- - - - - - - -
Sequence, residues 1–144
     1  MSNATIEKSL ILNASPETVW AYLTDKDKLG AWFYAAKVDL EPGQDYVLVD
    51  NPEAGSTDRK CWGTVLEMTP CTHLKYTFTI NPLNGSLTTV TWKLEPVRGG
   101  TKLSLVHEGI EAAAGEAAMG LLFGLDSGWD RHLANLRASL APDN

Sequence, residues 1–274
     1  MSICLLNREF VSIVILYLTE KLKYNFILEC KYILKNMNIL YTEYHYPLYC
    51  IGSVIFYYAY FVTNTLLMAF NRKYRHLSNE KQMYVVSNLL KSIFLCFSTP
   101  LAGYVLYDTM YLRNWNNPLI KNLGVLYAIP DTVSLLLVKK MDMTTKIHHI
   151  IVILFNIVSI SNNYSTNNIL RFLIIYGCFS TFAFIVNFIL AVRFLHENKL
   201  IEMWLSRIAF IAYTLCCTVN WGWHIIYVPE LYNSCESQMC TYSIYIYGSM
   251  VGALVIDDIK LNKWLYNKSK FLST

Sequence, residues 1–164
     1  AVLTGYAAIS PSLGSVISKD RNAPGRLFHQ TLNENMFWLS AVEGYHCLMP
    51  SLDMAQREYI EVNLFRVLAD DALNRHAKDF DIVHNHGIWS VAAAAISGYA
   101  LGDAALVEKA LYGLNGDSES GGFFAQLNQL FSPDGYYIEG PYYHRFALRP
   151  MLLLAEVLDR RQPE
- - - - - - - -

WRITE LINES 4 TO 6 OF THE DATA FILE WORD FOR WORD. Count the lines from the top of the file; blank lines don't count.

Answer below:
   101  TKLSLVHEGI EAAAGEAAMG LLFGLDSGWD RHLANLRASL APDN

Sequence, residues 1–274
     1  MSICLLNREF VSIVILYLTE KLKYNFILEC KYILKNMNIL YTEYHYPLYC